Bluebonnet

 

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Bluebonnet

The State Flower of Texas; The Bluebonnet

Above we show a picture of the Bluebonnet, the State Flower of Texas. The proper name for the species is Lupinus texensis. A typical plant is about 8 inches tall, and the colored part of a bloom is about 4 inches tall. Notice that each stem has 5 leaves, representing the five points of the Texas Lone Star. The plants grow during the winter, and then bloom around the last week of March to the first few weeks of April. Bluebonnets are native to Texas, and grow wild with no attention or care required.

When conditions are right, entire fields turn blue from the dense growth of this beautiful flower. The best bluebonnet seasons occur occur after winters that are very cold and very wet. Interestingly, the more miserable the winter, the more beautiful the spring. Since the bluebonnet plants grow all winter, it is the winter rains that are really needed to have beautiful blooms in springtime. In addition, very cold conditions help the seeds germinate, so winters with extended periods of cold will yield the densest growths of bluebonnets. Sheep and goats will eat the bluebonnets, so for a field to be decorated in blue, there needs to be no sheep or goats grazing on the land. 

This majestic scene of rolling hills painted blue by these wonderful flowers has become a trademark of springtime in the Texas Hill Country. The area in the triangle formed by Austin, San Antonio, and San Angelo is the region where the most beautiful blooms of bluebonnets can be found. Fredericksburg, Junction, Christoval, Kerrville, San Marcus, and Mason, Texas are small towns that come alive with fields of bluebonnets. Driving through these areas the first week of April is well worth the trip.

Bluebonnets

Famous Bluebonnet Painting by Rita McWhorter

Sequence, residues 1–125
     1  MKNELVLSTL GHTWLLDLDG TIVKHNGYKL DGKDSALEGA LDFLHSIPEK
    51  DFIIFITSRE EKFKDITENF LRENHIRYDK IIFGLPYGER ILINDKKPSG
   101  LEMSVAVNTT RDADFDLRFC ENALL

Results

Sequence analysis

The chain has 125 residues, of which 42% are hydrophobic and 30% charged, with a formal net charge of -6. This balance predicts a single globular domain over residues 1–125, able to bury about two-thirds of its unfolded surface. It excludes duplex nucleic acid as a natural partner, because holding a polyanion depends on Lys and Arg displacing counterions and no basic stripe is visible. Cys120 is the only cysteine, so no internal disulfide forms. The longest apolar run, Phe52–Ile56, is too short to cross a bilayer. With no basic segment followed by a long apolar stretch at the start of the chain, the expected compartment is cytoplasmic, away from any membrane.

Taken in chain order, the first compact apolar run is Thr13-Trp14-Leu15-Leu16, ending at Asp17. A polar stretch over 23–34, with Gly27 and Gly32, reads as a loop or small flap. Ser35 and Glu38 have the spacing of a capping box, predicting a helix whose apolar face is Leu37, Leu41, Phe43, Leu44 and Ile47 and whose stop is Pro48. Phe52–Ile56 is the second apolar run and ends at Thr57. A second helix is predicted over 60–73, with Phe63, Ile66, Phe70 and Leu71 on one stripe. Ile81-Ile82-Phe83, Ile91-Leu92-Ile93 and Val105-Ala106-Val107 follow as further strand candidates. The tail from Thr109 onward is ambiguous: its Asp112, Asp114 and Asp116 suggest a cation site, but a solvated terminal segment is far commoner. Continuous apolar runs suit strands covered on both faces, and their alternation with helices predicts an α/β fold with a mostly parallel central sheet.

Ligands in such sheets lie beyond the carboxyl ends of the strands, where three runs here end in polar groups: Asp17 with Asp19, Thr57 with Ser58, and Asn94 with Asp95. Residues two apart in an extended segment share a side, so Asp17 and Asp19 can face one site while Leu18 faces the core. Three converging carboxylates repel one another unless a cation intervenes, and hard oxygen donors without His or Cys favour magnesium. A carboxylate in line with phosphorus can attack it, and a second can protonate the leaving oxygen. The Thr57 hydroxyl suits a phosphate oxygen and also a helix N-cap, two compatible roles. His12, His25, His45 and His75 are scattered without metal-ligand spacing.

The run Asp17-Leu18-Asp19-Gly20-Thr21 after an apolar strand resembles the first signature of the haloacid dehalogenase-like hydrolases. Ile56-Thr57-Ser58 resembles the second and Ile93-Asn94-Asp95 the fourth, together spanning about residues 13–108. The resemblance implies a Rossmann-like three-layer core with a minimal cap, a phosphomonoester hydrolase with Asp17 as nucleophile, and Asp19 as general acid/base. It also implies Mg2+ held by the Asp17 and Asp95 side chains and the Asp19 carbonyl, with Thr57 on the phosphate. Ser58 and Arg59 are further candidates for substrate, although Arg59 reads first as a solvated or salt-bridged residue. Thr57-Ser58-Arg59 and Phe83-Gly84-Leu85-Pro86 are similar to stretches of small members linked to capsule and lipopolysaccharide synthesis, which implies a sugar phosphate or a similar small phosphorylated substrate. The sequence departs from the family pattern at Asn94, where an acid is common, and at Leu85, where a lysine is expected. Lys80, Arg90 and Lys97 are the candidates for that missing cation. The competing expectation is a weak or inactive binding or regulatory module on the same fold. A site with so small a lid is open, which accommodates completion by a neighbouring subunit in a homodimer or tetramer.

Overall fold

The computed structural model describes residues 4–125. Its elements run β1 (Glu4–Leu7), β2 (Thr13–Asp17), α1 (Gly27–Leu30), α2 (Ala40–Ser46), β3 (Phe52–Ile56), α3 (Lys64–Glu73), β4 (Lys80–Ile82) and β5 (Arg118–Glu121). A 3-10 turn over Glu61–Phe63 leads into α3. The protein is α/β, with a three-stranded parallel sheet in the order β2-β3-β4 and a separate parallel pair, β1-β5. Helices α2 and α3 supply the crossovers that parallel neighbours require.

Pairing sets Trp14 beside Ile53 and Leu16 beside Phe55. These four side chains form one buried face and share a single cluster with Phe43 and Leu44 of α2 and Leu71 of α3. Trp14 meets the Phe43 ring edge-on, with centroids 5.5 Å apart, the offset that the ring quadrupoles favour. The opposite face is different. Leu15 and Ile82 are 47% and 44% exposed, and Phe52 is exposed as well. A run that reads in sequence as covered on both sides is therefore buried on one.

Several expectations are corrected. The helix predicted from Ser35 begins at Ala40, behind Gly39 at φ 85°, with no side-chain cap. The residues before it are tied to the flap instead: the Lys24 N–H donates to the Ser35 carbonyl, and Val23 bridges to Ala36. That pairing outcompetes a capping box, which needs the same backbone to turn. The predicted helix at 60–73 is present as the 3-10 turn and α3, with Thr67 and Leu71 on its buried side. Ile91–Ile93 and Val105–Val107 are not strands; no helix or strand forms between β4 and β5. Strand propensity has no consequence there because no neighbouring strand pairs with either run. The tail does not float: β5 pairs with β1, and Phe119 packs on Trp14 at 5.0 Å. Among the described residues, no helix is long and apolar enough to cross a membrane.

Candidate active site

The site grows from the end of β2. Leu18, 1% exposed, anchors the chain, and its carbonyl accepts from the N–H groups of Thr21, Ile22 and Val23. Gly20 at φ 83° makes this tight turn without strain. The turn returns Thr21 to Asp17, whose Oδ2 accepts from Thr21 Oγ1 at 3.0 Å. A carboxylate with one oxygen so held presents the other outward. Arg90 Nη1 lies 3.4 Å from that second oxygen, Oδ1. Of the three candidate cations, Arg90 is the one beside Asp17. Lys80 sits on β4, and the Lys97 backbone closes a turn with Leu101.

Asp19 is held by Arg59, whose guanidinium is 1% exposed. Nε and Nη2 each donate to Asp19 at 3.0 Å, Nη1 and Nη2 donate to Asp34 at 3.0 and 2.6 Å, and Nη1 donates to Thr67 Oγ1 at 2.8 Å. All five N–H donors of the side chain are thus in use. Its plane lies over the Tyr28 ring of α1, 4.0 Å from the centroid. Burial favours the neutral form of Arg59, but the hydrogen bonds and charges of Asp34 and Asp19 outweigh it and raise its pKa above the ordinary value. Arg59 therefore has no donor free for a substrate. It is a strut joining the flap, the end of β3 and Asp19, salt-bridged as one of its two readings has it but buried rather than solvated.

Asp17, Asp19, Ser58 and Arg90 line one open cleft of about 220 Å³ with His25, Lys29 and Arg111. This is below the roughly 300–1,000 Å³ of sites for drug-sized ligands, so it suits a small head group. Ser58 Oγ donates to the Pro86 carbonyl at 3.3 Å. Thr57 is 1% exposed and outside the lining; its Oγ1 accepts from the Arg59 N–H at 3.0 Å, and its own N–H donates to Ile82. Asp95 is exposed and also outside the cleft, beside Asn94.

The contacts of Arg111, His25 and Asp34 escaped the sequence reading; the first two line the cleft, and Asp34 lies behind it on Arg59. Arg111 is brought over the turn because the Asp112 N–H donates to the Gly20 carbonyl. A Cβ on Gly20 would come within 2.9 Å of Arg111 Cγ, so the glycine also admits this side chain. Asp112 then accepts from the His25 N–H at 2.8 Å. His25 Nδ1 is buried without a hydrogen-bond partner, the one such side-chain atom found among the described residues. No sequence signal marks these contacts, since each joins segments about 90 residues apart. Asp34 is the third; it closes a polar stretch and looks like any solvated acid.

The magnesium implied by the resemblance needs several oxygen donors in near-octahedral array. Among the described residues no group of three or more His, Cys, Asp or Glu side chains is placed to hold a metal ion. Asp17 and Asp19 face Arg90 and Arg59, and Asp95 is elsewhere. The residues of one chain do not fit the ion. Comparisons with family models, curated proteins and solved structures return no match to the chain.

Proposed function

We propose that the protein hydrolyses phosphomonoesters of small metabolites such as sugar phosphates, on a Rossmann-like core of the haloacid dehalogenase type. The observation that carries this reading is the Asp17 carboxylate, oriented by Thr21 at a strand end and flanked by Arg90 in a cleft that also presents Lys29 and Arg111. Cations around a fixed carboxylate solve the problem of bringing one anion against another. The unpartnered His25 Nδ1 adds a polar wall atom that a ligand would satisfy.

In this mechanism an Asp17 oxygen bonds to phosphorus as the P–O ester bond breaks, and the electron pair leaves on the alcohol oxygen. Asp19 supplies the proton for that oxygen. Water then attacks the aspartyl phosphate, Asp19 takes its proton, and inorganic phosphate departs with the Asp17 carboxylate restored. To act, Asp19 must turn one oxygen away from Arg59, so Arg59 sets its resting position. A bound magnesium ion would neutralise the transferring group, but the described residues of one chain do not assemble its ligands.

Scenes of Bluebonnets in bloom are a favorite subject for artists and photographers across Texas. The painting above is an excellent representation of a spring scene when the bluebonnets are in full bloom. The painting was hung in the United States capitol as a tribute to this spectacular flower.

Bluebonnet History

Bluebonnet WildflowersAbout 1900, Texas decided that it needed an official state flower. This was a pretty serious matter, and lots of detailed debate occurred as to what flower was suitable to represent a state as large and grand as Texas. There was a lot of support for the Cotton Boll. Not necessarily because it was beautiful, but because it was a source of wealth and prosperity in the state. After all, everyone knew that “Cotton was King” in Texas, and across the south.  John Nance Garner, who later became the Speaker of the United States House of Representatives (1931), and then the 32nd Vice President of the United States, was a staunch advocate of the Prickly Pear bloom. It is unclear why he was so adamant in his support of a plant that had no economic value (in fact it was a nuisance), and little aesthetic appeal. Nonetheless, his steadfast debate in support of the prickly pear earned him the nickname “Cactus Jack” Garner. This sobriquet stuck, and remained with him the remainder of his life. John Green then suggested the bluebonnet as the state flower, as it was native to the state, did not grow in other places, and was beautiful. This flower was as beautiful and unique as the state itself, and quickly gained lots of popular support. An influential women's group of the day threw their support behind the bluebonnet. The growing support for this choice became known as the “Bluebonnet War”. Finally, the legislature selected the bluebonnet, and on March 7, 1901 the bill making the bluebonnet the official state flower was signed by Governor Joseph Sayers.